According to a recent study, prolonged sitting while at your desk can increase your risk of heart disease, diabetes and stroke, not to mention make your skin look older.
But that’s not the only thing at work that poses a risk to our health.
Computer Vision Syndrome, muscle problems and even deep vein thrombosis have all been identified as problems associated with never leaving the office chair.
Take a look below for seven simple ways to ensure sitting at a desk doesn’t take its toll on your health:
1. Stay clear of computer vision syndrome
It’s possible, nowadays, to spend most of our waking hours surrounded by screens.
From checking your emails and texts first thing in the morning, to working nine-to-five in an office, and then catching up on some evening TV or computer games before, finally, checking your trusty mobile again as you drift off to sleep.
Although this technology has many positive effects on our professional and social lives, what is it doing to our health? One significant effect of constant screen use is computer vision syndrome.
“When we use a computer for long periods,” explains Professor Dan Reinstein, of the London Vision Clinic, “we only blink around four to seven times per minute. Our usual rate of blinking is more like 18 to 20 times per minute, so this is a significant reduction – it can cause symptoms such as dry eyes and blurred vision.”
Professor Reinstein suggests taking computer screen breaks every hour, drinking plenty of water and making sure you are blinking regularly to avoid it.
2. Avoid deep vein thrombosis
Research found office workers are more prone to deep vein thrombosis (DVT) than those who spend a lot of time on long–haul flights.
A study by Professor Richard Beasley of the Medical Research Institute in New Zealand found that a third of patients admitted to hospital with DVT were office workers. Out of a sample of 62 patients admitted with blood clots 34 per cent had been sitting at their desks for long periods, while only 21 per cent had recently travelled on long-distance flights.
Office workers should be doing 30 minutes exercise, five times a week, yet only 24 per cent of women and 35 per cent of men actually achieve the recommended physical activity guidelines, which puts us at risk of potentially fatal heart and circulatory conditions.
Another way to avoid it is to pop a capsule such as Pycnogenol, a supplement known for its ability to support blood vessels – reinforcing capillary walls and ensuring normal blood flow.
3. Is your job making you fat?
Helen Bond, a leading dietician says: “It’s not uncommon to find unhealthy snacks littered around the office on a regular basis, making it tricky to keep a healthy eating regime on track.
“In order to avoid giving in to temptation, try drinking water regularly (around six to eight glasses a day) which can help to keep energy levels topped up, suppress the appetite and make you feel fuller.
“From now on your mantra needs to be plan ahead – stock up on more healthy snacks, such as nuts, seeds, fruit, crackers or oatcakes, so when your colleagues are digging in to the doughnuts, you can turn to a healthy alternative and don’t have to miss out altogether. You could also try using a supplement, such as Lineaslim, to help suppress the appetite further.”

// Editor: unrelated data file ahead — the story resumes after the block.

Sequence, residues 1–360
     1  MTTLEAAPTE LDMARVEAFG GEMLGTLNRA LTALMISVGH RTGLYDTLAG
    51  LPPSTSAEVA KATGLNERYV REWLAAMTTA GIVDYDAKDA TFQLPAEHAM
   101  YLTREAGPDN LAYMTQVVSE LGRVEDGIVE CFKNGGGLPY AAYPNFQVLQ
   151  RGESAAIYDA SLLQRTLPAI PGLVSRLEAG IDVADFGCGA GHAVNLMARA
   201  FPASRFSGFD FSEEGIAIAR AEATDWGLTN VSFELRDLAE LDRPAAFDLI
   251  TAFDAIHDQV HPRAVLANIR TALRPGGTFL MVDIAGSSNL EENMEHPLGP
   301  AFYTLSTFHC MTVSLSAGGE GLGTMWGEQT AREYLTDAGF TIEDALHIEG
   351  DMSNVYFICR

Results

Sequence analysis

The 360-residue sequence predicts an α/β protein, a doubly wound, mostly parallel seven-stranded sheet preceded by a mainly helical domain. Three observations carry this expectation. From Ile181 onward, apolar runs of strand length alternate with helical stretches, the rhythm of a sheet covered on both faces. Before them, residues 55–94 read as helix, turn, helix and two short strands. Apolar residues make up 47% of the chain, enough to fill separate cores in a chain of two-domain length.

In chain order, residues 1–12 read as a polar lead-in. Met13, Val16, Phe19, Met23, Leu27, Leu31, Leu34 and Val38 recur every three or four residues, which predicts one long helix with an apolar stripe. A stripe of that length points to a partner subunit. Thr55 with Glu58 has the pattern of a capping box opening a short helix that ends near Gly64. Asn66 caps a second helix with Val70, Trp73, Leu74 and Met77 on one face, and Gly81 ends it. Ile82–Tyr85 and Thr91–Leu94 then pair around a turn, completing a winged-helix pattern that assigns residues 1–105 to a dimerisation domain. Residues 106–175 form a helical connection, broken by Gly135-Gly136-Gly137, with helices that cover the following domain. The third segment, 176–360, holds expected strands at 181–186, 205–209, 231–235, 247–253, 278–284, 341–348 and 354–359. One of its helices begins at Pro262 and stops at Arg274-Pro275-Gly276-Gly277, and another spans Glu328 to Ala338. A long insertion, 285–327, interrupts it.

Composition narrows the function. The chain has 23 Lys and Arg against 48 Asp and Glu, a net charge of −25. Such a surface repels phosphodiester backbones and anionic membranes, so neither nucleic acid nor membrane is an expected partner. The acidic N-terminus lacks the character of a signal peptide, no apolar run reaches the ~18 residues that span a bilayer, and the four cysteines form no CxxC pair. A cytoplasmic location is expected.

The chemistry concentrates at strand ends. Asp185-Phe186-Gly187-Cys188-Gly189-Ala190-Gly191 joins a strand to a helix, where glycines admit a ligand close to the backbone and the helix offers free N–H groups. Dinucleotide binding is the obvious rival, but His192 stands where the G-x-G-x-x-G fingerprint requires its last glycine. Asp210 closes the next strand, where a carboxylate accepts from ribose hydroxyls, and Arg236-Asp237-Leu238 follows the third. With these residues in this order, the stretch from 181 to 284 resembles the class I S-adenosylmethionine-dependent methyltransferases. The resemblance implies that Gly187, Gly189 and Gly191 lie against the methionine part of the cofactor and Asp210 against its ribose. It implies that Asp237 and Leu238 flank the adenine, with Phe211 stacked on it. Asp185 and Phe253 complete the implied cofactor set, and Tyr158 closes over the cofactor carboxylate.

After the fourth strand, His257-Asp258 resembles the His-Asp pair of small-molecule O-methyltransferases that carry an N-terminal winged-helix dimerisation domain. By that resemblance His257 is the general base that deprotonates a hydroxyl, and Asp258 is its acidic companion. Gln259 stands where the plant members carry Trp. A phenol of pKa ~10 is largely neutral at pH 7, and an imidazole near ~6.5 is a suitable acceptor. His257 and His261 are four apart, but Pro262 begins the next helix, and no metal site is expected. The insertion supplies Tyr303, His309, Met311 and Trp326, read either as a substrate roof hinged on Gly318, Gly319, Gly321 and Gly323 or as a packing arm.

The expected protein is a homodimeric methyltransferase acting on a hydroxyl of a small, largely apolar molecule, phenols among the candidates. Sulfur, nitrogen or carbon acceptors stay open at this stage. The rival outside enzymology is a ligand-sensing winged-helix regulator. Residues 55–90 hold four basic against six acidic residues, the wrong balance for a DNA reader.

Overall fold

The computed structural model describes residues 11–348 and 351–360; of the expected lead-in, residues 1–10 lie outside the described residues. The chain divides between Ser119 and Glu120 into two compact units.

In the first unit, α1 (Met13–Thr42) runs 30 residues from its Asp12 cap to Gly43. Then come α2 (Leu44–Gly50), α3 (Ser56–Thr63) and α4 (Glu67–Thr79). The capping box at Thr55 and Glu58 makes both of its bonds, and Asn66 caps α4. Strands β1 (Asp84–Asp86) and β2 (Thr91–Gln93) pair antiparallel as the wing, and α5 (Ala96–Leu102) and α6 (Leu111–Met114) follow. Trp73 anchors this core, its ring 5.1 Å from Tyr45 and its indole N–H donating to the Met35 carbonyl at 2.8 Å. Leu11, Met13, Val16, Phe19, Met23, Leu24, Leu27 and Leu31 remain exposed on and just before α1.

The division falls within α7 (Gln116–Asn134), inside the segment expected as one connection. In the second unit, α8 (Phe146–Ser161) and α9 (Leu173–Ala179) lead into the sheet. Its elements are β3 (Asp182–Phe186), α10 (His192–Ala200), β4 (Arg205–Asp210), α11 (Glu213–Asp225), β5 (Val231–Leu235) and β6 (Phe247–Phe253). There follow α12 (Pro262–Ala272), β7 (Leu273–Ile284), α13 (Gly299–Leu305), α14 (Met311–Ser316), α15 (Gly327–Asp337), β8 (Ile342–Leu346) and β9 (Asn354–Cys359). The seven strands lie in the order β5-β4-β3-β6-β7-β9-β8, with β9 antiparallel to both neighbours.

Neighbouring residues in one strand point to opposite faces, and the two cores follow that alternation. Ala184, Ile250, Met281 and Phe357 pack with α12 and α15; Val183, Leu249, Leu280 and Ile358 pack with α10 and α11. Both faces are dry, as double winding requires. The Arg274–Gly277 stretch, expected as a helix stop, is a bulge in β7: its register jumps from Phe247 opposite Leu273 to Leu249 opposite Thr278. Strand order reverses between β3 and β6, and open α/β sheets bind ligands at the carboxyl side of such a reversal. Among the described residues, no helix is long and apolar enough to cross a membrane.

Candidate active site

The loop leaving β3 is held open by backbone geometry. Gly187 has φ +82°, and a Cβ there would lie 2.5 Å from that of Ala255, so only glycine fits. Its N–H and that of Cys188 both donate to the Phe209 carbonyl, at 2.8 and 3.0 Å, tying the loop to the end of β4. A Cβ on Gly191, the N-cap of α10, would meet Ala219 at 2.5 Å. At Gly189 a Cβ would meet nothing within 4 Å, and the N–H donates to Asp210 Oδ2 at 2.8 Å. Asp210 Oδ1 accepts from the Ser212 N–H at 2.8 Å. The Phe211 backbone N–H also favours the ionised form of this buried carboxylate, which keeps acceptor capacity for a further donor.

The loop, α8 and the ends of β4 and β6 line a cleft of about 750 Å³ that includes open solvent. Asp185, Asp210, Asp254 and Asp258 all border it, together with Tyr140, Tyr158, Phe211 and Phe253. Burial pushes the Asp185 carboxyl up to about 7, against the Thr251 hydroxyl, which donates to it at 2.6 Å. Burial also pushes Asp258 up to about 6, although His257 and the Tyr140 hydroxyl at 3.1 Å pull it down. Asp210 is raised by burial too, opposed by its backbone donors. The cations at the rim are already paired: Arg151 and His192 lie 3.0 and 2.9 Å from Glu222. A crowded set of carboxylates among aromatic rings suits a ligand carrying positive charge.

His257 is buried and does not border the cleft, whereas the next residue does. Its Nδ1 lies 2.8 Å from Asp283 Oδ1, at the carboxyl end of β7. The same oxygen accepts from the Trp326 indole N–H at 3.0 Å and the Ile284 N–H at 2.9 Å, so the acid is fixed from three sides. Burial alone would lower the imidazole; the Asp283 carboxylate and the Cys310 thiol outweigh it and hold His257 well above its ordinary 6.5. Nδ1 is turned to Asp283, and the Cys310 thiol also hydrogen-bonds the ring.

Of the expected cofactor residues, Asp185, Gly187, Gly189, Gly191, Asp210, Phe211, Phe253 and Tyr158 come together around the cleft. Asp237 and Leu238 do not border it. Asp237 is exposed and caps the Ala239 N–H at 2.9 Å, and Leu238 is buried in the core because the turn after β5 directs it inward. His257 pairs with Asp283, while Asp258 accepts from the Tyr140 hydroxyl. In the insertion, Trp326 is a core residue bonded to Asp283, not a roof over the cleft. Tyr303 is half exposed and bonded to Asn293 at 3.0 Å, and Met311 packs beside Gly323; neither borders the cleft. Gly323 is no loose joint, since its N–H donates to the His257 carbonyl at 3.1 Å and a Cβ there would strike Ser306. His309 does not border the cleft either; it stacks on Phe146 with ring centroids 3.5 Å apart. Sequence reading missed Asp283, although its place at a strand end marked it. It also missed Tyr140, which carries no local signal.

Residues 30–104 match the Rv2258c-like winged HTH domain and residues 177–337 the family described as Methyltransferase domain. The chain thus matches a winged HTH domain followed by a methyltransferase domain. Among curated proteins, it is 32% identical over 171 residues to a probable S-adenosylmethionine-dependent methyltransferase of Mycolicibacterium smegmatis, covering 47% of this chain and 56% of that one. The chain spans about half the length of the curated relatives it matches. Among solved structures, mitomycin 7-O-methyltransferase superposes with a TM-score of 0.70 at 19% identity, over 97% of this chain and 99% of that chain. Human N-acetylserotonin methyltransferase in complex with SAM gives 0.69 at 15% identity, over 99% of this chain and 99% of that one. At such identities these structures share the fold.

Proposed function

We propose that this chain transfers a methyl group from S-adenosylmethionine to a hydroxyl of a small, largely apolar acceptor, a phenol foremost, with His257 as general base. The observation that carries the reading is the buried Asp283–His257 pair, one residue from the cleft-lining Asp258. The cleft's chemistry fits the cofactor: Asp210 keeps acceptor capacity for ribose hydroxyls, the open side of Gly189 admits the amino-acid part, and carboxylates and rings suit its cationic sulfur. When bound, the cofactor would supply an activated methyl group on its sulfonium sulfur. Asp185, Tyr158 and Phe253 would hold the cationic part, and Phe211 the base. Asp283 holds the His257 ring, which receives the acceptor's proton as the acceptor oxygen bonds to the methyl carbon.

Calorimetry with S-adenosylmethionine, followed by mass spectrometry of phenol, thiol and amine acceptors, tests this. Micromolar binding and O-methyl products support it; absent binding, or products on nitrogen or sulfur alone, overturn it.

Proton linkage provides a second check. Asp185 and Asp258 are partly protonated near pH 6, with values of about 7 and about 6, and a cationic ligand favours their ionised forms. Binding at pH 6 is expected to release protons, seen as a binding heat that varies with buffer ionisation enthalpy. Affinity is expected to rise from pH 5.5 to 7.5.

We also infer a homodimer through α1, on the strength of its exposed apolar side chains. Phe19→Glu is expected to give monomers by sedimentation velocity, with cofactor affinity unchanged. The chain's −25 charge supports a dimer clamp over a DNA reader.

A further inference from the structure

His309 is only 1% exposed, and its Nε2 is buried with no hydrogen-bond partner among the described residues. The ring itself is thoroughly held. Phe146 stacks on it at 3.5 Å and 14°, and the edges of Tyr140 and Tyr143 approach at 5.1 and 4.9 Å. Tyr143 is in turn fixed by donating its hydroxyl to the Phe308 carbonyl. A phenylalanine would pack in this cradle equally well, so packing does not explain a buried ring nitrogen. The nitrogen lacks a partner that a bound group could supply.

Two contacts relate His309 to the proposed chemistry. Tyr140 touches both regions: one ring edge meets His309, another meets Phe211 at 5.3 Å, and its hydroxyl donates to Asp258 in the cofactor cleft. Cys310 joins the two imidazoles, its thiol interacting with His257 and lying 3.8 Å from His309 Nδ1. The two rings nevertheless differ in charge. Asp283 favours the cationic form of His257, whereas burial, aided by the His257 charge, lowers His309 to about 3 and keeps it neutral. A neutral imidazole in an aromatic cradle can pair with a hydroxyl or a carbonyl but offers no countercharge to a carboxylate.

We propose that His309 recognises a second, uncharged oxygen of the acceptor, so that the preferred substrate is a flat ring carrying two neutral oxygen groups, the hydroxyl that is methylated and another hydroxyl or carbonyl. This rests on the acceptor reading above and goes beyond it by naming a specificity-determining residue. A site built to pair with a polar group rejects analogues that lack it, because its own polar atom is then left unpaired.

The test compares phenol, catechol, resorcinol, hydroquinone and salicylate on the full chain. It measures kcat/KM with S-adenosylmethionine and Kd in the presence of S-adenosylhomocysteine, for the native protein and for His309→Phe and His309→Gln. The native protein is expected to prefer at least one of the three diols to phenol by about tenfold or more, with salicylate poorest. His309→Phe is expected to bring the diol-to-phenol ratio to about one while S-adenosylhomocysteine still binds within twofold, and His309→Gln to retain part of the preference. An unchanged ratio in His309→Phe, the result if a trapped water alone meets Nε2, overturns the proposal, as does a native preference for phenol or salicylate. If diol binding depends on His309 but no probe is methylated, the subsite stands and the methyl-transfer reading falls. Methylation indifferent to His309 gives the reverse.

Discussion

4. Put an end to back pain
Sitting at your desk for hours on end can be an uncomfortable experience as your body can only tolerate being in one position for a short amount of time.
To improve your posture, the experts at Movelat suggest you make sure you have a chair that offers good back support, ensure you rest your feet on the floor and are not sitting crossed legged, keep your mouse close to you so you don’t over-stretch and ensure your screen is eye height to give you a good posture.
5. Avoid the office cold
A third of us have taken a day off sick due to the common cold in the last year, so if you do fall victim to a head cold, which most of us inevitably will at some point, try keeping decongestant tablets on your desk to keep you productive even when you’re not feeling at your best.
Clinical and community pharmacist Steve Riley, says: “If a dry cough is bothering you at work, get yourself a linctus style medicine or decongestants. They don’t cause side effects such as drowsiness, so will keep you staying alert at your desk and will soothe symptoms while your body gets on with fighting the infection.”
6. Clear your desk of hidden nasties
Our desks provide a home for an array of different germs, from crumbs and left-over food to bacteria (spread by the one in five of us who admit to not washing our hands properly after using the toilet at work). Make sure you keep your desk, phone and keyboard clean to protect yourself from stomach bugs and other viruses.
Regularly wipe down your office equipment and workspace with a bacterial wipe such as Cuticura anti-bacterial hand wipes to keep surfaces clean.
7. Maintain healthy digestion
Over-eating or rushing lunch at our desks can lead to bloating and abdominal discomfort. Our digestive system needs some movement to process food, so sitting at a desk for long periods of time can mean that there may not be enough movement to stimulate digestion.
Make sure you stand up and take regular breaks and use your lunch hour to go for a gentle walk to ensure a pain free afternoon.
If you are susceptible to regular bloating and trapped wind there are a number of effective and natural solutions.
Nutritionist Nadia Brydon says: “Taking Sun Chlorella ‘A’ on a daily basis can help keep the gut healthy and happy by acting as an ‘intestinal broom’ and cleansing the bowel by clinging on to toxins like mercury, aluminium or pesticides in your intestines and eliminating them as waste.
“A daily serving of Sun Chlorella can swiftly help return your system to its optimum performance.”